Hundreds of students at high schools from Newton, Mass., to Palo Alto, Calif., have created cathartic “Wall of Shame” or “Rejection Wall” displays of college denial letters. On message boards at CollegeConfidential.com, students critique, attack and praise missives from various schools, elevating rejection-letter reviews to a sideline sport.
One friend applied to California Institute of Technology as a “reach school,” and because he knew he didn’t have the necessary qualifications, he never opened the small envelope from CalTech when college acceptances/denial letters slipped into mailboxes all over the United States. He framed the envelope and didn’t bother reading what was most likely rejected admission. It seems kind of twisted that students would obsess over rejection so much that they’d create a shrine, but disappointment has strange effects on youth.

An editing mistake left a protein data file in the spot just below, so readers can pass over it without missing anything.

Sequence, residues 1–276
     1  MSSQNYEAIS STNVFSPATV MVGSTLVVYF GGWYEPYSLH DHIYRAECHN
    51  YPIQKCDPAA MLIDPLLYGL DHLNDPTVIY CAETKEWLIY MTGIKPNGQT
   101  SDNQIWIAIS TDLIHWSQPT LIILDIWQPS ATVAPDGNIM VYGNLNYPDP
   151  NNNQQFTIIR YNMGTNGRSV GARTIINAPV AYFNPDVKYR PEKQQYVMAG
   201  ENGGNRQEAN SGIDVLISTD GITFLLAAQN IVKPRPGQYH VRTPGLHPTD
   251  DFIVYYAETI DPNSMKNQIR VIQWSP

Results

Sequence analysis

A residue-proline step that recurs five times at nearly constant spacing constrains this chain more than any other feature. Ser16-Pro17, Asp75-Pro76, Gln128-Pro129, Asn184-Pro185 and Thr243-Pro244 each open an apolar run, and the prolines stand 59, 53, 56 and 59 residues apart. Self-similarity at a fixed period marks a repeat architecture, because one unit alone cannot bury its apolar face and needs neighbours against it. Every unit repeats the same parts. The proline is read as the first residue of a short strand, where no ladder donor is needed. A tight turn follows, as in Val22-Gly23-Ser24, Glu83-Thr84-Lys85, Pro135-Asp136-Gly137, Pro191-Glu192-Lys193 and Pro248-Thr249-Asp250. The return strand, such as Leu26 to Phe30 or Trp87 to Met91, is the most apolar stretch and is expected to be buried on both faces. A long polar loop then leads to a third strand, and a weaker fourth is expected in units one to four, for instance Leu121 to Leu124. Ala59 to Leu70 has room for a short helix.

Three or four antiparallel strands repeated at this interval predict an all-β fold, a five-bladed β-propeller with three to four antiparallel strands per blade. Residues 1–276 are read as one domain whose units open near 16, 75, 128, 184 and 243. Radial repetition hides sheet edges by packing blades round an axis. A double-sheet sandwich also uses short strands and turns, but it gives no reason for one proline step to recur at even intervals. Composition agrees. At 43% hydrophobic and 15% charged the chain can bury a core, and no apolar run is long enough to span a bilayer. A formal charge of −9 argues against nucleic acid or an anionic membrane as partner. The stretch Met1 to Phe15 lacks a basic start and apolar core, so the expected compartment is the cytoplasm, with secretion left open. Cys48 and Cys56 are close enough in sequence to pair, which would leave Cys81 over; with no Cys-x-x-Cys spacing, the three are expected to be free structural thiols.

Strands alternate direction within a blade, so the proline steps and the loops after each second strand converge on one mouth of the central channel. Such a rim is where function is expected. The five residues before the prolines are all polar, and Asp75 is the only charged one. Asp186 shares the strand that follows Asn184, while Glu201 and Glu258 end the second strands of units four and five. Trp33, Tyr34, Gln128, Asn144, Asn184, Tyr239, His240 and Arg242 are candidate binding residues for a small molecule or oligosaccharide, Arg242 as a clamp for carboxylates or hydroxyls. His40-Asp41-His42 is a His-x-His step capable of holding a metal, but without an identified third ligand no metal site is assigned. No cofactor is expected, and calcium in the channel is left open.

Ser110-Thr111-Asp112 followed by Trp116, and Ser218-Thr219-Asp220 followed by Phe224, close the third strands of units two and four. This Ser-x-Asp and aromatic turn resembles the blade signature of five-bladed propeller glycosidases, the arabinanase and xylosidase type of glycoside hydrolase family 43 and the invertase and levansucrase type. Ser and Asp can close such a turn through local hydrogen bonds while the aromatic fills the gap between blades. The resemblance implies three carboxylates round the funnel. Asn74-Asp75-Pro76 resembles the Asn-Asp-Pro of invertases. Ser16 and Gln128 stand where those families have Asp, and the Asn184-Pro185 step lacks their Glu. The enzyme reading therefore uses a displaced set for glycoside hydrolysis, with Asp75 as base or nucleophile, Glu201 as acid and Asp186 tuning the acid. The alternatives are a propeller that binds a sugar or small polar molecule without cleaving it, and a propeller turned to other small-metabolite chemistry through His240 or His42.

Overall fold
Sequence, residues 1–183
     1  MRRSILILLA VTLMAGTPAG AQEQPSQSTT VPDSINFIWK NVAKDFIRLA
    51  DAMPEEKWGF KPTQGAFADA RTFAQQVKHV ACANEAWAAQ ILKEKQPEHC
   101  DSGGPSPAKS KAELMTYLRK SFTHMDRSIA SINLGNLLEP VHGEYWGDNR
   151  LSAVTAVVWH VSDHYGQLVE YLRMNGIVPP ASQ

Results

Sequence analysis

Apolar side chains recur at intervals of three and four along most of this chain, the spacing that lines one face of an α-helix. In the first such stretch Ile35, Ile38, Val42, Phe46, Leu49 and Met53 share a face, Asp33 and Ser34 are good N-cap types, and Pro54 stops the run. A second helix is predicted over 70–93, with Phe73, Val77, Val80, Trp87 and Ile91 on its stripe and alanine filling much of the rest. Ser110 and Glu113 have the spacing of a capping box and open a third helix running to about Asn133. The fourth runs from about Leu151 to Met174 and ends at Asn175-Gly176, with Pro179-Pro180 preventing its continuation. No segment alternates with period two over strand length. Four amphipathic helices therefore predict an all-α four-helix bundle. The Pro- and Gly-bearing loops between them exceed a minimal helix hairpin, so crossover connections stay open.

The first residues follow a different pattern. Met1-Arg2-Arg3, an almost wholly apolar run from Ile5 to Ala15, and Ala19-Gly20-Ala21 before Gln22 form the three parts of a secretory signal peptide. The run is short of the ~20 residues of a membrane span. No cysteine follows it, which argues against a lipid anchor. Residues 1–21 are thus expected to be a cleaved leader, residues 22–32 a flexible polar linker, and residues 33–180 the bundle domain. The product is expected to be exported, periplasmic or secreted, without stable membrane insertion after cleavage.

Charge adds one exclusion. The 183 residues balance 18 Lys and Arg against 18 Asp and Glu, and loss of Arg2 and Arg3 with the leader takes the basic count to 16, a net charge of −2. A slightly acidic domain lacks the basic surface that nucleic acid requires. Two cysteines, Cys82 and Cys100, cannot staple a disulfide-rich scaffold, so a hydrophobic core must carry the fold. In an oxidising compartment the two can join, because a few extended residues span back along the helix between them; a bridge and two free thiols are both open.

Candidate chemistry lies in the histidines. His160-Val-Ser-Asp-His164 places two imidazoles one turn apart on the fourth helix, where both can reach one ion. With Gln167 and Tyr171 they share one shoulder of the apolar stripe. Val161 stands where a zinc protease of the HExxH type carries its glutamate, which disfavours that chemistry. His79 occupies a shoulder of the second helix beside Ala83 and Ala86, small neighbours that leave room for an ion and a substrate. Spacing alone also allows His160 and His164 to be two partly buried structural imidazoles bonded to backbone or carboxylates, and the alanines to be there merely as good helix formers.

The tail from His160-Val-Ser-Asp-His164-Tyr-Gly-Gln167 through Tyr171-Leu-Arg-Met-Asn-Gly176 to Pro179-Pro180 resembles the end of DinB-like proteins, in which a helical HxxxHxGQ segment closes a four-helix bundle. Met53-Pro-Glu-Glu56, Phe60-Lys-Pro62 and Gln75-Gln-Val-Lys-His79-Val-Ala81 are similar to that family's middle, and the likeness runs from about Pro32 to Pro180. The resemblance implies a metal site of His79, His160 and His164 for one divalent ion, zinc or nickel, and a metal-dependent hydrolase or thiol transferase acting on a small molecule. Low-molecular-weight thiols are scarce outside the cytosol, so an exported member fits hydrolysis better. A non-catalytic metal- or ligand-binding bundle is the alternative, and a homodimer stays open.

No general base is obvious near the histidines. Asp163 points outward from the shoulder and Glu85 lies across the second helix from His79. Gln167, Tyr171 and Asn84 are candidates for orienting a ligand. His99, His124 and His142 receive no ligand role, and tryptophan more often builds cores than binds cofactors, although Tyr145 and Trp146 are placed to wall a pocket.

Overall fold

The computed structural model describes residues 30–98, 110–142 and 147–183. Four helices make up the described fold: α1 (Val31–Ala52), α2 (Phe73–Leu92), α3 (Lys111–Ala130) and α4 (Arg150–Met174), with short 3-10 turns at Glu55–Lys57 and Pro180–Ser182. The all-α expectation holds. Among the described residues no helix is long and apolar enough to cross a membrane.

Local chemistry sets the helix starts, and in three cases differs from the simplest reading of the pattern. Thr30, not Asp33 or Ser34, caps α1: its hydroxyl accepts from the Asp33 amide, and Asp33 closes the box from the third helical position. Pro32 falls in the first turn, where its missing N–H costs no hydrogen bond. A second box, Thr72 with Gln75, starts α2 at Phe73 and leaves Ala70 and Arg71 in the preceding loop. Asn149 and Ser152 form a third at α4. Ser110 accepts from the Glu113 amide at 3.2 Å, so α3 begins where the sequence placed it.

Sue Shellenbarger listed the different ways colleges let applicants down. Some schools are nicer than others, while many take the straight-forward “you don’t make the cut” approach:
Toughest: Bates College, Lewiston, Maine. Most rejection letters, in an effort to soften the blow, follow a pattern: We’re sorry, we had a huge applicant pool, all our applicants were terrific, we wish we could admit everyone. Bates, a competitive, 1,700-student college, expresses its regrets to rejected applicants and praises its applicant pool. But it delivers a more direct, and perhaps more honest, message: “The deans were obliged to select from among candidates who clearly could do sound work at Bates,” the letter says.
There’s nothing wrong with frankness. When thousands of students apply for hundreds of spots, there’s no perfect way to nicely explain to everyone that they were unfit to make it at the particular private liberal arts college.